Page 1



Thomas Taylor's Receipt Regarding His Role in the Return of William Craft to Ira H. Taylor

Page 2



Document

Warrant to Apprehend William Craft

10/25/1850

William (1824-1900) and Ellen Craft (1826-1891) were enslaved people who escaped from their respective masters in Macon, GA, in December 1848. Ellen, the daughter of an African-American woman and a white master, passed as a white gentleman accompanied by a slave valet, William.

They made their way to Boston, MA. The Census of 1850 shows them living in freedom at the home of Lewis Hayden. In 1850, a deputy U.S. Marshall sought them out at Hayden’s home, but Hayden denied that they were there and threatened violence, such that the U.S. Marshall departed.

The Crafts fled to Britain, where they lived for 20 years, raising their family, lecturing about the freedom movement, and writing their memoir Running a Thousand Miles for Freedom (1860) (available online from Documenting the American South (DocSouth). They later returned to the United States and settled in Georgia.
This primary source comes from the Records of District Courts of the United States.
National Archives Identifier: 7174817
Full Citation: Warrant to Apprehend William Craft; 10/25/1850; Willis H. Hughes v. William Craft; Case Files, 1790 - 1911; Records of District Courts of the United States, ; National Archives at Boston, Waltham, MA. [Online Version, https://www.docsteach.org/documents/document/warrant-to-apprehend-william-craft, November 21, 2017]


Warrant to Apprehend William Craft

Page 1



Warrant to Apprehend William Craft

Page 2



Document

Willis H. Hughes' Complaint against William Craft

10/25/1850

William (1824-1900) and Ellen Craft (1826-1891) were enslaved people who escaped from their respective masters in Macon, GA, in December 1848. Ellen, the daughter of an African-American woman and a white master, passed as a white gentleman accompanied by a slave valet, William.

They made their way to Boston, MA. The Census of 1850 shows them living in freedom at the home of Lewis Hayden. In 1850, a deputy U.S. Marshall sought them out at Hayden’s home, but Hayden denied that they were there and threatened violence, such that the U.S. Marshall departed.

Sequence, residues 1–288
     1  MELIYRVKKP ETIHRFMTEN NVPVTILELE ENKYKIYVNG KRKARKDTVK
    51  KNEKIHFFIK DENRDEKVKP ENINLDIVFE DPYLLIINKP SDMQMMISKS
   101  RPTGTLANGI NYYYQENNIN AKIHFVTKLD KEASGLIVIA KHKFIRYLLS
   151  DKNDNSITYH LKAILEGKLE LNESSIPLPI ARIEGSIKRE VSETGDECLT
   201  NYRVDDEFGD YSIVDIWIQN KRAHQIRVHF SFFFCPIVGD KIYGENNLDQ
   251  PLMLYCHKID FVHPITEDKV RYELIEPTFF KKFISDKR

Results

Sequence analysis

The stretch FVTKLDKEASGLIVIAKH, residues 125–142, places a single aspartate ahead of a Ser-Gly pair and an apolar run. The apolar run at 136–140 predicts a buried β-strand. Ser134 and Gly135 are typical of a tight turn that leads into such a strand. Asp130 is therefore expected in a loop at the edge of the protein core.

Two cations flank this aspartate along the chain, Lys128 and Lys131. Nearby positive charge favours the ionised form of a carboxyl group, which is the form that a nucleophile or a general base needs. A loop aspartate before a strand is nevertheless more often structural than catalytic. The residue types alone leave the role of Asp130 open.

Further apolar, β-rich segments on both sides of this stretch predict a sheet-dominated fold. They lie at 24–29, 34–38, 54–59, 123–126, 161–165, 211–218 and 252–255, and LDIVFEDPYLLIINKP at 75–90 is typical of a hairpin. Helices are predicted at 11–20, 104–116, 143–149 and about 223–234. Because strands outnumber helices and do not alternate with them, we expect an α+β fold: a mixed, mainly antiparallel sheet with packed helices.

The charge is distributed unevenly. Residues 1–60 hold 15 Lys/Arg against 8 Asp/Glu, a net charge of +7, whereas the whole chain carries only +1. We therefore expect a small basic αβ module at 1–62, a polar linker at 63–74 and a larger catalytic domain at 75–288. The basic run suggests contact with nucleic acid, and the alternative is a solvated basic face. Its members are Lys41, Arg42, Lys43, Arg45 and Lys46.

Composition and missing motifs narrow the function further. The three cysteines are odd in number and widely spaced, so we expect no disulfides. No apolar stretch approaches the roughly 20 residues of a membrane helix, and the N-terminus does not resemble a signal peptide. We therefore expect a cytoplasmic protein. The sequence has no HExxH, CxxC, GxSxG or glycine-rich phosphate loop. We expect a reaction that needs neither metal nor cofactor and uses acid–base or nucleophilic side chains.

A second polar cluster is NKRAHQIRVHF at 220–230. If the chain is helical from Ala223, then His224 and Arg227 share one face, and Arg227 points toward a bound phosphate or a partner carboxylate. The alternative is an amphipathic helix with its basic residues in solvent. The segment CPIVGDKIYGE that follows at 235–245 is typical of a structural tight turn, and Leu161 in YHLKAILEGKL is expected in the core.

The Crafts fled to Britain, where they lived for 20 years, raising their family, lecturing about the freedom movement, and writing their memoir Running a Thousand Miles for Freedom (1860) (available online from Documenting the American South (DocSouth). They later returned to the United States and settled in Georgia.
This primary source comes from the Records of District Courts of the United States.
National Archives Identifier: 7175296
Full Citation: Willis H. Hughes' Complaint against William Craft; 10/25/1850; Willis H. Hughes v. William Craft; Case Files, 1790 - 1911; Records of District Courts of the United States, ; National Archives at Boston, Waltham, MA. [Online Version, https://www.docsteach.org/documents/document/willis-h-hughes-complaint-against-william-craft, November 21, 2017]


Willis H. Hughes' Complaint against William Craft

Page 1



Willis H. Hughes' Complaint against William Craft

Page 2



Willis H. Hughes' Complaint against William Craft

Page 3



Document

John Knight's Affidavit Confirming He Knew William Craft as Ira H. Taylor's Slave

10/25/1850

William (1824-1900) and Ellen Craft (1826-1891) were enslaved people who escaped from their respective masters in Macon, GA, in December 1848. Ellen, the daughter of an African-American woman and a white master, passed as a white gentleman accompanied by a slave valet, William.

They made their way to Boston, MA. The Census of 1850 shows them living in freedom at the home of Lewis Hayden. In 1850, a deputy U.S. Marshall sought them out at Hayden’s home, but Hayden denied that they were there and threatened violence, such that the U.S. Marshall departed.

The Crafts fled to Britain, where they lived for 20 years, raising their family, lecturing about the freedom movement, and writing their memoir Running a Thousand Miles for Freedom (1860) (available online from Documenting the American South (DocSouth). They later returned to the United States and settled in Georgia.
This primary source comes from the Records of District Courts of the United States.
National Archives Identifier: 7175113
Full Citation: John Knight's Affidavit Confirming He Knew William Craft as Ira H. Taylor's Slave; 10/25/1850; Willis H. Hughes v. William Craft; Case Files, 1790 - 1911; Records of District Courts of the United States, ; National Archives at Boston, Waltham, MA. [Online Version, https://www.docsteach.org/documents/document/john-knights-affidavit-confirming-he-knew-william-craft-as-ira-h-taylors-slave, November 21, 2017]


John Knight's Affidavit Confirming He Knew William Craft as Ira H. Taylor's Slave

Page 1



John Knight's Affidavit Confirming He Knew William Craft as Ira H. Taylor's Slave

Page 2